I work well with founders who have an open mind and heart that are willing to trust in me. The relationship tends to start off on the right foot when we're making early commitments with lots of conviction. Post-investment, I'm first and foremost looking to develop a meaningful friendship. I want to be the first person they go to dinner with once they close their next round. I want them to be open to calling me at 11pm to work through a strategy problem or just vent about some issue in their personal life. The founder/CEO role can get very lonely, I find it so important to to be able to lean on some of your investors for both tactical and emotional support in hard times without the fear of being judged. Second, since Reshape is a domain-specific venture firm that specializes in companies with missions that cross real estate and technology, we tend to be much more active than the average venture firm in companies we back. Our team is constantly breaking down doors of landlords and developers to facilitate revenue-generating partnerships for our portfolio companies. Third, do no harm i.e. don't distract, don't annoy, just support. Treat every interaction with respect and integrity.
Help me get up to speed in advance of the pitch on your market and product so we can spend as much time as possible on the few things that matter.
Empower the underdogs: from direct personal life experiences, I get tons of satisfaction backing or building businesses that empower individuals or groups that are meant to be left behind. I think Stripe and Shopify are the epitomes of companies that embody the value. It should be no surprise that they are some of the most loved technology companies in the world.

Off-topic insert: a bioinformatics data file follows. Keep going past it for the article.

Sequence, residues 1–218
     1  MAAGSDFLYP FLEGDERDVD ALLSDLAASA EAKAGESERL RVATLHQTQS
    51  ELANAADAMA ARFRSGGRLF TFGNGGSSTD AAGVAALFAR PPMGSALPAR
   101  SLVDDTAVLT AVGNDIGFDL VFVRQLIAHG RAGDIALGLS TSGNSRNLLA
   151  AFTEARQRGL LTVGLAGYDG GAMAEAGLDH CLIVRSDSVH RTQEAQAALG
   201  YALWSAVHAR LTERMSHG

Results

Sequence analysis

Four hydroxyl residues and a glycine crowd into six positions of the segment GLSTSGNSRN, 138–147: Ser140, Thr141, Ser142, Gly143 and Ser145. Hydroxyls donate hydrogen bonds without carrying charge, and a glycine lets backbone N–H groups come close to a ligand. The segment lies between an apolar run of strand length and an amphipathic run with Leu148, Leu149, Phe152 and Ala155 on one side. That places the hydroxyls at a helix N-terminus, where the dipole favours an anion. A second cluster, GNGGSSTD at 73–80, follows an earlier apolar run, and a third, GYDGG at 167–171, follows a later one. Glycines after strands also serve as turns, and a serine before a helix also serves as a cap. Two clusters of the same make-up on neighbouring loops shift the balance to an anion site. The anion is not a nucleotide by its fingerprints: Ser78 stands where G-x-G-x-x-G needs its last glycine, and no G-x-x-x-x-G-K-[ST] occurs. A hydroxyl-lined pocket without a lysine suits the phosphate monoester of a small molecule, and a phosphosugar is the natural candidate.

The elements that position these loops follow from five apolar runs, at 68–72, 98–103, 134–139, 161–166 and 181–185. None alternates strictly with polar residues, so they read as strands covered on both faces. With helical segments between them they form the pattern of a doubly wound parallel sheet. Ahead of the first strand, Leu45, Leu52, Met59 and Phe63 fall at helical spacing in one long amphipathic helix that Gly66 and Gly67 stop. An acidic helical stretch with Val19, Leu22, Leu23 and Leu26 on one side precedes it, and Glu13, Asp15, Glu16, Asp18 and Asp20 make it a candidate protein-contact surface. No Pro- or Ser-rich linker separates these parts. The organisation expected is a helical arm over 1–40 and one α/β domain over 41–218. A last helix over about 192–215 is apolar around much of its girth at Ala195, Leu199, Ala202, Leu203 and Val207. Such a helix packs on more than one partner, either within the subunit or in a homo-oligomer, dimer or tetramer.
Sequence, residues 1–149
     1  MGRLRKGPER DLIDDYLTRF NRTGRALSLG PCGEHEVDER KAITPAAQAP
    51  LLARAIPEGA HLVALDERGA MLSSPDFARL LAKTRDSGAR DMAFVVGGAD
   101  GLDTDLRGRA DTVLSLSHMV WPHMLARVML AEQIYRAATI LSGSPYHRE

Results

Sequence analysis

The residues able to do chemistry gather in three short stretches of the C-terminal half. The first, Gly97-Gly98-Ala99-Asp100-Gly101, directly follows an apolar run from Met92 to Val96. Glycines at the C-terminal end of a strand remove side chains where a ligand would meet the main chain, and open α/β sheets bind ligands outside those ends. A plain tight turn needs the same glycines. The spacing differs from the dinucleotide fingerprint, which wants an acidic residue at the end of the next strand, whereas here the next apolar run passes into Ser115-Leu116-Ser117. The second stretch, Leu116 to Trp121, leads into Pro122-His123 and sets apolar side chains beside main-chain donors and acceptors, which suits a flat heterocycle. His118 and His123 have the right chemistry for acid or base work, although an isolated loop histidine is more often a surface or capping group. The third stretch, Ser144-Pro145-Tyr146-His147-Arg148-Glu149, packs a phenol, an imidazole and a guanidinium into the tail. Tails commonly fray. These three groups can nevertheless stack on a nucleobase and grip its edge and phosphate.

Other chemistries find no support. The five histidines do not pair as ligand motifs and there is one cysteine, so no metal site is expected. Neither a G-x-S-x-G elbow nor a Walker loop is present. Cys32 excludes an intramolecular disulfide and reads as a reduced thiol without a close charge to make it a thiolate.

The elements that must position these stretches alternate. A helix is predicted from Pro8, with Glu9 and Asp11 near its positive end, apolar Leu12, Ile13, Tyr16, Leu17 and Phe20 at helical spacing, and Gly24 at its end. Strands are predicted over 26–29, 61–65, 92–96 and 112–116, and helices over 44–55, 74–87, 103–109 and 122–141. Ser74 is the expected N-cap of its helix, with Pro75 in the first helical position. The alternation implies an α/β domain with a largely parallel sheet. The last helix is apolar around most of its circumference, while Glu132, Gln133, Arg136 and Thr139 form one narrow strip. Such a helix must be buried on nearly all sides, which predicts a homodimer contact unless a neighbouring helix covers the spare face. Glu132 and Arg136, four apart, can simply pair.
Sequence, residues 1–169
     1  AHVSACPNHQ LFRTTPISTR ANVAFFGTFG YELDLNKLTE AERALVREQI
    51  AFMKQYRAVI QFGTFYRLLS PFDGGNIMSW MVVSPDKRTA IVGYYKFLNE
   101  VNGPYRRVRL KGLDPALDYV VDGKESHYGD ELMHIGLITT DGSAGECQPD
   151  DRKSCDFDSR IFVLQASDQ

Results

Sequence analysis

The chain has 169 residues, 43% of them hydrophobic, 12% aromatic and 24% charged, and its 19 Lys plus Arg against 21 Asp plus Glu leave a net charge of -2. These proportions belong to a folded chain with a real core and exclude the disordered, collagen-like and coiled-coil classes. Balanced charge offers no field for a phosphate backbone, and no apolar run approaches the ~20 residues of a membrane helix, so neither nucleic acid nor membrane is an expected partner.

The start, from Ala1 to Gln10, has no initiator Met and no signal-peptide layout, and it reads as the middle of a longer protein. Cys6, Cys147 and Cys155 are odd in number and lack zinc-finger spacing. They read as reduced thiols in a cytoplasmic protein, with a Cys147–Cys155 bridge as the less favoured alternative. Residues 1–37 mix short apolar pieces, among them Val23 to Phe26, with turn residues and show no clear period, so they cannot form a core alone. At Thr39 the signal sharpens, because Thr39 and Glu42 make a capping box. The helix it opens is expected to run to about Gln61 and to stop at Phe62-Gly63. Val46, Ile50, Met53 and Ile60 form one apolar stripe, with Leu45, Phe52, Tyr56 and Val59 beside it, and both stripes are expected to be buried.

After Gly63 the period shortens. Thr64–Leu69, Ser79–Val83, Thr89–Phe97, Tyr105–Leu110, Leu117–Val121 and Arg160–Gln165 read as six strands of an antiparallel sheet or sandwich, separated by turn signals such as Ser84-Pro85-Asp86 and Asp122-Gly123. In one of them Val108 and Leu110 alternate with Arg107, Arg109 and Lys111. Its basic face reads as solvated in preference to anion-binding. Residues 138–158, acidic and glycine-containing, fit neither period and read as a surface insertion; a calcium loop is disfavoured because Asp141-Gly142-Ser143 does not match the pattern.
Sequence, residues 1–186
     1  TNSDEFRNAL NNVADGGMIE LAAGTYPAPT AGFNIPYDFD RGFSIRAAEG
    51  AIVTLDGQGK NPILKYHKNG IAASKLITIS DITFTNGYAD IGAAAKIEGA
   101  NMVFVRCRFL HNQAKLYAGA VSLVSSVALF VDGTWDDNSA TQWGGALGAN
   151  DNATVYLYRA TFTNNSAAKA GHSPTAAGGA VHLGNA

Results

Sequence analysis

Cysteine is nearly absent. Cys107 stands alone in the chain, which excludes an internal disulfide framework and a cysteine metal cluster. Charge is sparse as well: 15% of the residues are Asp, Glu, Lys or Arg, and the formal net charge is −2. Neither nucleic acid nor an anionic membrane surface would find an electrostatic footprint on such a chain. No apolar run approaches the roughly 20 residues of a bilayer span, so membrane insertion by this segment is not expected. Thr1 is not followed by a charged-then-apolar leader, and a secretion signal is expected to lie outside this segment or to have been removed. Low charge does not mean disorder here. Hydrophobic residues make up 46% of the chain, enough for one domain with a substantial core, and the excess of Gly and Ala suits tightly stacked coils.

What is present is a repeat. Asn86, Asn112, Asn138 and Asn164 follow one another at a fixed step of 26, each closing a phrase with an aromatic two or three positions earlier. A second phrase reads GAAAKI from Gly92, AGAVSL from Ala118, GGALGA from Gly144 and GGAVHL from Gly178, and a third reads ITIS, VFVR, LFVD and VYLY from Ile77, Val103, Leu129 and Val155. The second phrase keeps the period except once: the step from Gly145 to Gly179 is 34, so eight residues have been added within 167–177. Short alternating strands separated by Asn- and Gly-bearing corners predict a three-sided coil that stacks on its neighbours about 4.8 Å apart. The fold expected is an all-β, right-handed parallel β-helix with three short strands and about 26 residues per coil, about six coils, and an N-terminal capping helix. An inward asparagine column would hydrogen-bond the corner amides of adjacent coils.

Paul Graham famously spoke about San Francisco and Silicon Valley creating a “serendipity” for technology and venture creation, but nothing and I mean nothing matches New York’s people, energy, and culture. There is a magic that’s created when you have such a diverse and ambitious group of human beings from all over the world and from all walks of life living and creating in one place.
In my view, there is still no better place to start a company or source talent. Beyond that, the New York tech community is a welcoming, inclusive, global and diverse group of people — both on the VC and operator side — so by the time VCs invest in start-ups there is already a trust, a camaraderie, and bond that allows for incredibly strong partnerships. The strength of those relationships in this community is unparalleled.
Second, it is common knowledge that there are industries that are ripe to succeed in NYC (fintech, consumer, and real estate) given the unique density of people and businesses it houses. The proof is in the pudding when you look at the growth in VC funding and the profile of tech exits over the last 5 years. NYC tech had an incredible run of outcomes led by wonderful brands such as Peloton, Lemonade, Jet, Datadog, Flatiron Health, Mirror. I’m sure I’m missing a ton, but the point is some businesses can only start in NYC and as the tune goes: “If you can make it there, you’ll make it anywhere…”
Third, and when you add it all up, NYC has the right balance of capital, ideas, people, and an environment that allows tech to thrive here. Innovation occurs in cities that are safe, flush with risk capital, that enable a free flow of ideas, and that house dense clusters of young, ambitious individuals.
Despite the pandemic (and how that may affect funding or operating of future tech businesses), there is no doubt in my mind that New York will continue to be one of the only cities in the world to fire on all cylinders. I have so much love for and faith in this city that has taken me in as it has millions of people. It shocks me how undervalued NYC is in this moment time, I just wish its stock was investable as I’d be aggressively buying it up.